Young Pioneer Tours

Experiencing Authenticity in PNG– Mount Hagan Festival in 2022

The Mount Hagan Festival, first staged in 1961 to unify the tribes in the area years before the nation of Papua New Guinea was declared and recognised. To this day, Mount Hagan Festival still holds a prominent place in Papua New Guinea for locals and tourists to come together and celebrate this cultural event. In this guide, we will supply you with a ‘Survival Kit’, and the ‘Must-See Tribes!’

Why Should You Go to the Mount Hagan Festival?

The festival ought to be main attraction for anybody visiting PNG. The highlands have yearly celebrations that feature a variety of feathered headdresses, painted faces, and mud masks as one of the world’s most culturally and linguistically varied regions. Incredibly impressive spectacles, the Mt. Hagen celebrations feature participation from numerous indigenous groups. In the isolated mountains of Papua New Guinea, it can be difficult to reach, but the journey will be well worth it in the end.

Mt Hagan Festival
Mount Hagan Festival

Survival Kit

Go Early!

Purchase a two-day pass and arrive no later than 9am. You will have access to the hundreds of tribes as they get ready for the event as a result of this. The preparation of the competitors’ costumes and face paint provides a sort of “behind the scenes” perspective. You have VIP access because you are a foreigner, so arrive before the other tour buses arrive. 

Get Extra Batteries and SD Cards for Your Camera!

You can take a beautiful picture by pointing your camera wherever around here. Make sure your camera has enough battery life to endure a whole day of shooting because you’ll be taking thousands of pictures. This place is a photographer’s paradise because the locals are so open to having their picture taken.

Bring Food and Water!

You won’t find any stores or eateries there, so bring lots of water and food since you’ll probably be there from 9 am until 2 pm.

Bring A Hat and Wear Sunscreen!

The tropical sun is very powerful, even though Papua New Guinea is not the world’s hottest place. There is nowhere to hide from the sun’s beams here, so wear a hat and slather on the factor 50.

Mount Hagan Festival
Mount Hagan Festival

Get All Your PNG Souvenirs Here!

In Papua New Guinea, there aren’t many options to purchase high-quality items that were manufactured there. But there is a fair selection at the Mount Hagen festival. Here, you can find anything at a reasonable price, including purses, paintings, and wood carvings.

Join In and Have Fun!

Don’t watch this show all day from behind your camera. Join the tribes as they demonstrate their distinctive dance moves. Be brave; they are kind folks who enjoy interacting with guests and showing off their moves.

In a wonderfully unique setting, this event is taking place. As it only occurs once a year, specifically the third weekend in August, make sure to reserve your spot with YPT as soon as possible.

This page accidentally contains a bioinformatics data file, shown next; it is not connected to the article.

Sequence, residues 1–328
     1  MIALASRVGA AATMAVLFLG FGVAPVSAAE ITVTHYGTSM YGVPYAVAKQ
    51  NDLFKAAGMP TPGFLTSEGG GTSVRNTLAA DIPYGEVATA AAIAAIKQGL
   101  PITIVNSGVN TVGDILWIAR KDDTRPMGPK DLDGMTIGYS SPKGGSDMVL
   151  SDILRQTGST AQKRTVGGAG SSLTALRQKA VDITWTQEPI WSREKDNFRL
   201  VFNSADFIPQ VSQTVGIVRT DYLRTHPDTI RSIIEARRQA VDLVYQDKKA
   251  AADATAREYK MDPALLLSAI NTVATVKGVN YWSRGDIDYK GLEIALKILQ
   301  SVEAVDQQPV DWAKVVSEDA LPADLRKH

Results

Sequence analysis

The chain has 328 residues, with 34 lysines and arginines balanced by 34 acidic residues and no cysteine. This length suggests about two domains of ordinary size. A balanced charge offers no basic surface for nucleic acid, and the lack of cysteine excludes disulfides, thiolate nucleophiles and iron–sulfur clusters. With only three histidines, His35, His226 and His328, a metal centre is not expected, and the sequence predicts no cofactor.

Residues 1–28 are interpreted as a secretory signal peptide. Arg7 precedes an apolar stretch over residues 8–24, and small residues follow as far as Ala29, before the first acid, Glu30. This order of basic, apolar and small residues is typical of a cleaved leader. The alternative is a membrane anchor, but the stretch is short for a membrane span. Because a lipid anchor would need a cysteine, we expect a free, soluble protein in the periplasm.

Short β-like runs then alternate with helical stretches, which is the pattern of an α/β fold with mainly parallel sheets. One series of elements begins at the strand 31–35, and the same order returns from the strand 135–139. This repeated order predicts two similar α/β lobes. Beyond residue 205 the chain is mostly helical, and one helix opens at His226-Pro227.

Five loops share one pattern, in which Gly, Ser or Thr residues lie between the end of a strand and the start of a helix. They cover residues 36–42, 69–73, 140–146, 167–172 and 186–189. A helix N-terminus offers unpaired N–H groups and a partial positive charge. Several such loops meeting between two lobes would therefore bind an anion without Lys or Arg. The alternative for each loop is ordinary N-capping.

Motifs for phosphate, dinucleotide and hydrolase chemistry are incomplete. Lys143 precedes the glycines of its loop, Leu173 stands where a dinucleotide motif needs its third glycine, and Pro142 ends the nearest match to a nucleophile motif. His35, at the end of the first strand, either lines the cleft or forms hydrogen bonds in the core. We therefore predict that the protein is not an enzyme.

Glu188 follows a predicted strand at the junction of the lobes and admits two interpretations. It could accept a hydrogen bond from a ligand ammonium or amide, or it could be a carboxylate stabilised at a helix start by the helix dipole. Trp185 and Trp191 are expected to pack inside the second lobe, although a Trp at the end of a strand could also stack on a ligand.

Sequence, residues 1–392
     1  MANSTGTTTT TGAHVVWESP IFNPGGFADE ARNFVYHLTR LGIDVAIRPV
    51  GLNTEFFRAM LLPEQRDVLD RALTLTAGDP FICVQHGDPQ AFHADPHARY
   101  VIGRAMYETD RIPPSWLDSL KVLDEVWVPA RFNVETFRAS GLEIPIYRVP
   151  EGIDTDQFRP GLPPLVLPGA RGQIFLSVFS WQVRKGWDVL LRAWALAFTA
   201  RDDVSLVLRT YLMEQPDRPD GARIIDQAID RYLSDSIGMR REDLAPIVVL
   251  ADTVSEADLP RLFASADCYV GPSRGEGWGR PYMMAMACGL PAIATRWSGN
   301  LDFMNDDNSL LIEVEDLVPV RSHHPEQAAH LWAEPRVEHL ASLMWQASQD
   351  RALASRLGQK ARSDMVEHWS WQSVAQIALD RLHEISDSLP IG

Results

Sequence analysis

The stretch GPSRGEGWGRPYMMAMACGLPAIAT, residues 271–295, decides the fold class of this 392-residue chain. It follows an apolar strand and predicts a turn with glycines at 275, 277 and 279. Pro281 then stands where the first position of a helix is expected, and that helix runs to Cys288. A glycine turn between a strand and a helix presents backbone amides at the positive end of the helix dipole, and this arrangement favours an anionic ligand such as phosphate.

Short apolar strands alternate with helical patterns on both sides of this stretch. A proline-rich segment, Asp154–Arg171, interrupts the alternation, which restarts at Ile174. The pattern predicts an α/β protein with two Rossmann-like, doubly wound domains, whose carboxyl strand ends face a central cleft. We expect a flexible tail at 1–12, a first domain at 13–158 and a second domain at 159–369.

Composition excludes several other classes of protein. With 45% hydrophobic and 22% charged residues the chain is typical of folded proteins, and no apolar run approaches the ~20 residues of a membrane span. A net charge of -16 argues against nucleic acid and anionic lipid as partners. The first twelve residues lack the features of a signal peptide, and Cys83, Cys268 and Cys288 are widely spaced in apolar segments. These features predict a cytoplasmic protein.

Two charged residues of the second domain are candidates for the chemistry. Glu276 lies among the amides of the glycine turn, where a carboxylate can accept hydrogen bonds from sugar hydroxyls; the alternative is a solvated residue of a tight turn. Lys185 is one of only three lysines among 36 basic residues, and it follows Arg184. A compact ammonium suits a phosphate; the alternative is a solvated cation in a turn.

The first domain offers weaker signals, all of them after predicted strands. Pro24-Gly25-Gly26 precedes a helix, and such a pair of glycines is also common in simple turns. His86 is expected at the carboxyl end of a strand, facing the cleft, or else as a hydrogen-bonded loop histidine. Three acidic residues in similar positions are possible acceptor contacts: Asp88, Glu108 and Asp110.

Want to see a video we did at the Mt Hagan Festival check below

Must – See Tribes of Mount Hagan Festival

Skeleton People

Due to their isolation, little is known about this tribe, however it is believed that 60,000 of them reside in the highlands. They can be identified at the festival by their distinctive skeleton body paint, which has menacing skeletal teeth.

To read about cannibalisms in PNG click here

Huli Wigmen

With a population of between 300,000 and 400,000, the Huli are the largest ethnic group in the highlands. They can be identified by their distinctive headdresses, which are crafted with time, patience, and the assistance of a “wig master.” One of the most distinctive tribes at the Mount Hagen Festival, their headdresses are adorned with feathers and other objects, and their faces are painted in vibrant hues of red, yellow, and white in a variety of patterns. It is quite rare to see the males wearing these wigs together because they live apart from the rest of their tribe.

 Asaro Mudmen

The Asaro Mudmen are undoubtedly one of the Mount Hagen Festival’s more distinctive tribes. Large mud masks, white paint over their bodies, and long bamboo sticks linked to their fingers—this is unquestionably the stuff of cultural nightmares. It is difficult to pinpoint the exact beginning of this custom, but according to legend, it was first used by one man to convince his enemies in combat that they were spirits to terrify them away. You should go to the Mount Hagen Festival in August if you want to contact with this tribe because they are in a very remote area of New Guinea.

+ More

Keep in mind that there is much more to it than simply getting to know and experience the locals and their culture. The world’s greatest unspoiled natural beauty, in terms of both flora and animals, can be found throughout Papua New Guinea. For whatever type of allocentric traveller, Papua New Guinea has plenty to offer, from the ‘birds of paradise’ to vast coral reefs!

Want to join our next tour to the Mount Hagan Festival click here